SALT LAKE CITY — Rep. Tim Cosgrove, D-Murray, faces some tall competition for re-election: 7-foot-6 Shawn Bradley — a Republican who played basketball for the Philadelphia 76ers, the New Jersey Nets, the Dallas Mavericks and the BYU Cougars.
"I had a lot of friends and people in the Legislature encourage me to run," said Bradley, a surprise candidate who filed just before the deadline Friday afternoon.
"This is something that I have thought about for a long time. But I had to be in the state for three years to qualify. Because I have been out of the state playing basketball, I only recently qualified," said Bradley, who now lives in Murray. "I've always been interested in politics, and I would like to make a difference in people's lives."
Others in that legislative race are Republican Raymond J. Poole and Libertarian Erin M. Partridge.
Bradley's entry may have been the biggest surprise, no pun intended, as the deadline for filing for political office hit Friday. But some other smaller surprises occurred — including that filing deadline day essentially became election day for four lucky state legislators who are running unopposed. They will win unless write-in opposition arises.
Those lucky lawmakers — all Republican House members — are Reps. Jack Draxler, R-North Logan; Brad Last, R-Hurricane; Mike Noel, R-Kanab; and Kraig Powell, R-Heber.
Another minor surprise is that Dell "Superdell" Schanze is running again — this time seeking the GOP nomination for governor against incumbent Gary Herbert and Republican Richard Martin.
Another minor surprise may be just how much opposition three-term U.S. Sen. Bob Bennett, R-Utah, attracted. Ten people filed against him, including seven Republicans (who say Bennett is not conservative enough), two Democrats and one Constitution Party member.
The Republicans, besides Bennett, include four who have been campaigning actively: entrepreneur Tim Bridgewater, former congressman Merrill Cook, businesswoman Cherilyn Eagar and attorney Mike Lee. Other late-filing Republicans are David Y. Chiu, Jeremy Friedbaum and Leonard J. Fabio.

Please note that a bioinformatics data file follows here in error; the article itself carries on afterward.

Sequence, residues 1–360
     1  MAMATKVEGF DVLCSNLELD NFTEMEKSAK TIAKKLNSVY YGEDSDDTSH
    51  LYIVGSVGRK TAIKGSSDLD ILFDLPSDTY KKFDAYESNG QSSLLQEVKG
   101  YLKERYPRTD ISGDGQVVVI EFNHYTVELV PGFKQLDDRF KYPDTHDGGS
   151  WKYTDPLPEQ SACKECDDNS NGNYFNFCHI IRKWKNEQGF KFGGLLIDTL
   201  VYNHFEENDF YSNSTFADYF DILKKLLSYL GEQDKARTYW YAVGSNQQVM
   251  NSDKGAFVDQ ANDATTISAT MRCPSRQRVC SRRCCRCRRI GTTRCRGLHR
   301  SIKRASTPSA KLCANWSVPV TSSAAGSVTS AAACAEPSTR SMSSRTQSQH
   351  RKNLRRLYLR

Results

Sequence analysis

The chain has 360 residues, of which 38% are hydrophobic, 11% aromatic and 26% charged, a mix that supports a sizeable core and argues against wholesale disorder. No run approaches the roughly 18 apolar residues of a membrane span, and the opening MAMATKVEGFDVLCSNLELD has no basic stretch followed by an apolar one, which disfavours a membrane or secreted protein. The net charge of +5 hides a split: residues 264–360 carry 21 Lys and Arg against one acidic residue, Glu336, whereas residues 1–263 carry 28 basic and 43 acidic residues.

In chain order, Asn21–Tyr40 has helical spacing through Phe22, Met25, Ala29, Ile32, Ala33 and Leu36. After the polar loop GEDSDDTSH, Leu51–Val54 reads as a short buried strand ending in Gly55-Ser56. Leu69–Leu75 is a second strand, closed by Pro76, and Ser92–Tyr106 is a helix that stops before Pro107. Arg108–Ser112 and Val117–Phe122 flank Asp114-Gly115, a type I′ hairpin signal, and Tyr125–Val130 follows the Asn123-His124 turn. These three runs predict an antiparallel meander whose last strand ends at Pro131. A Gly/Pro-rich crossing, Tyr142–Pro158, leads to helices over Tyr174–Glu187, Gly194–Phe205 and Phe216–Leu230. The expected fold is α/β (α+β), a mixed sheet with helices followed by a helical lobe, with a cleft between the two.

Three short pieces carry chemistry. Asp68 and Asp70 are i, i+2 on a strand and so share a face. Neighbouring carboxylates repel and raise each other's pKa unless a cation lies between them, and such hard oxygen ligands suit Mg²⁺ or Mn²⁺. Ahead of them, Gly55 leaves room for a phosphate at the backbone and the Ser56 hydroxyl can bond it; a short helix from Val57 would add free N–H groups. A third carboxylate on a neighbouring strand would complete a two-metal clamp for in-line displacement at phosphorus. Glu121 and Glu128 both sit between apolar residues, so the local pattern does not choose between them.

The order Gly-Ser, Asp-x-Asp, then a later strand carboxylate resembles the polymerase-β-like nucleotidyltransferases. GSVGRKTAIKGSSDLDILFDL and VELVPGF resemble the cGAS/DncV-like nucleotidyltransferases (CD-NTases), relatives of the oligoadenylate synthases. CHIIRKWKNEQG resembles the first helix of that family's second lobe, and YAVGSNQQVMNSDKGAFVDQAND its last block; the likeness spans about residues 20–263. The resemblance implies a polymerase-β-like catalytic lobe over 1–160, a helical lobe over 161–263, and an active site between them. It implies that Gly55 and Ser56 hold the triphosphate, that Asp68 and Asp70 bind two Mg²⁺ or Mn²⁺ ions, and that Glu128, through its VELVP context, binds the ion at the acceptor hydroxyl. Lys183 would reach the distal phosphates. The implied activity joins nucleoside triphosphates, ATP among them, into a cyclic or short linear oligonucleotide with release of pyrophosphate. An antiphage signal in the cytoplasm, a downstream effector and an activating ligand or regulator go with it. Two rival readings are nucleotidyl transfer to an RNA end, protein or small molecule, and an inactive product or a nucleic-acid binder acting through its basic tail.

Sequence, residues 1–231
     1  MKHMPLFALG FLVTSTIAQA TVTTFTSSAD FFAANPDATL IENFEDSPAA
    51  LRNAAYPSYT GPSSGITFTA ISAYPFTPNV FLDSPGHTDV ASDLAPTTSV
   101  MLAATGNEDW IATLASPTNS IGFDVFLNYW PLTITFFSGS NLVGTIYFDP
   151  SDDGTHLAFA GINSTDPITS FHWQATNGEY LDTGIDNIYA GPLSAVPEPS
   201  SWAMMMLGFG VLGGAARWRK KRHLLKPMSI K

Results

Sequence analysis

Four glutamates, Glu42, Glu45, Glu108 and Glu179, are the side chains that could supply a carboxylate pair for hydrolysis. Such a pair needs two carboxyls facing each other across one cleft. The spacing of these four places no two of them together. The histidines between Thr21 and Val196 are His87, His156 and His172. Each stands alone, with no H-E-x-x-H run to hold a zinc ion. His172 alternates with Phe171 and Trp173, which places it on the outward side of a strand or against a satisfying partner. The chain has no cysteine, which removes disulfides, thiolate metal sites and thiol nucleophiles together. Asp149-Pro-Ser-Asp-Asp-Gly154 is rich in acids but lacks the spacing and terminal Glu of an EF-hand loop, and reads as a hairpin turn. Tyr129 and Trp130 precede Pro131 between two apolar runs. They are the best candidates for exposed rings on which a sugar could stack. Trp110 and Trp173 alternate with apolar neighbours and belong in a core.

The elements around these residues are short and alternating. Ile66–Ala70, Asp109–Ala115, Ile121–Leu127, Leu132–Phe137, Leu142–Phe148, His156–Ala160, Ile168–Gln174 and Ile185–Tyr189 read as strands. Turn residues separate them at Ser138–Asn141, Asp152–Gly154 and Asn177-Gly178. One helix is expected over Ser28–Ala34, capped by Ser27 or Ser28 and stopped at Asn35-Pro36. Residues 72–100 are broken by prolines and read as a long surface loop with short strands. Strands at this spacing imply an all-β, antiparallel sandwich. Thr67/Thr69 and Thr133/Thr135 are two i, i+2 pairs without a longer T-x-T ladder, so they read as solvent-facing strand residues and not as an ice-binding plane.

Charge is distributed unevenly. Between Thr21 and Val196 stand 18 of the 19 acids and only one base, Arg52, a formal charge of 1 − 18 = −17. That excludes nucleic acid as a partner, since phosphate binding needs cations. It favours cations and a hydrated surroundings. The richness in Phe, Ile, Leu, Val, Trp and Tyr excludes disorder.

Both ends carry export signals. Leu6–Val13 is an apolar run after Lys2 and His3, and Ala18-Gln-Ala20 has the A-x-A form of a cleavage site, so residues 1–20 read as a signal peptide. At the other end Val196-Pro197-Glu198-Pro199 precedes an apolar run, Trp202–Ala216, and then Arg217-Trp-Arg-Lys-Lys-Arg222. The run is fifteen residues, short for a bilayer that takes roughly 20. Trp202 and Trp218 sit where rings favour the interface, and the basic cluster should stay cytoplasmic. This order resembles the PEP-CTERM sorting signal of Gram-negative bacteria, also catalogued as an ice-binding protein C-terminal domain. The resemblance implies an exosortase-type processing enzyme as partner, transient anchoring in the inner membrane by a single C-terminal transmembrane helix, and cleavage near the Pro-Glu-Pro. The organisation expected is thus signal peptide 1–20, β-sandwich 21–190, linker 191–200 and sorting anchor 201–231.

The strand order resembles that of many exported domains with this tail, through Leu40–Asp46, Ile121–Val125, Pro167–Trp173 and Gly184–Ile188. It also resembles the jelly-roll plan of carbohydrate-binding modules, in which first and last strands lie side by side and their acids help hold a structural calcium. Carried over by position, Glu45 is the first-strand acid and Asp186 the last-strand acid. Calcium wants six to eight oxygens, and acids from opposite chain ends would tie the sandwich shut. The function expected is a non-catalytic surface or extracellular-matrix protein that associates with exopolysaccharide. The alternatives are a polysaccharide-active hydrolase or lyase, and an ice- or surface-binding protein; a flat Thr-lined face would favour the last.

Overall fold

Democrats Sam Granato and Christopher Stout and Constitution Party candidate Scott N. Bradley also filed for the Senate race.
Rep. Jim Matheson, D-Utah, also attracted plenty of opposition — seven candidates filed against him. That included Democrat Claudia Wright, Republicans Morgan Philpot and Neil Walter, Constitution Party candidate Randall Hinton and independents Dave Glissmeyer and Wayne L. Hill.
In the Legislature, all 15 state senators who face elections this year decided to run again. But nine of 74 current incumbent House members chose not to run — seven Republicans and two Democrats.
The nine not running again are Doug Aagard, R-Kaysville; Sheryl Allen, R-Bountiful; Stephen Clark, R-Provo; Lori Fowlke, R-Orem; Kerry Gibson, R-Ogden; Fred Hunsaker, R-Logan; Chris Johnson, D-Salt Lake; Phil Riesen, D-Salt Lake; and Brent Wallis, R-Ogden.
Also, former House Majority Leader Kevin Garn resigned last week and did not file to run again after disclosing that 25 years earlier he went nude hot-tubbing with a 15-year-old. Five other Republicans filed for his seat, even though Garn had resigned only a week before the filing deadline.
In short, 100 percent of state senators chose to seek reelection, as did 88 percent of House members.
Deseret News research has shown that between 2000 and 2008, state lawmakers had a re-election rate of 90.5 percent. Two-thirds of the defeats that did occur came in conventions or primaries against fellow members of their own party — meaning once a party wins a seat, it tends to hang on to it for years.
One potentially tight race to watch is a rematch between Rep. Trisha Beck, D-Sandy, and the man she beat two years ago, former Rep. LaVar Christensen, R-Sandy (who also faces GOP competition from Mike Carey). Beck won 51 percent to 49 percent two years ago to regain from Christensen the seat she had held previously.
Among the members who chose to leave, Riesen, a former TV news anchor and star of furniture TV ads, said he is quitting to spend more time with his family.
"I've been thinking about it for a month or so," he said Friday. "I just decided I needed to get my life back and spend more time with my wife and grandkids."
Gibson may be retiring from the Legislature, but he has decided to run for the Weber County Commission instead.52 comments on this story
"I decided it was time to serve a little closer to home," he said. "I'm hoping I can make a bigger difference to the everyday lives of those who live in my community."
Gibson added that he never intended to serve forever in the Legislature.
"One of the biggest problems, I think, is that some people get a seat and think they own it. It's much better to have people come in, make a difference and move on," he said. A list of all candidates who filed for state races and major county races is available at the related links above.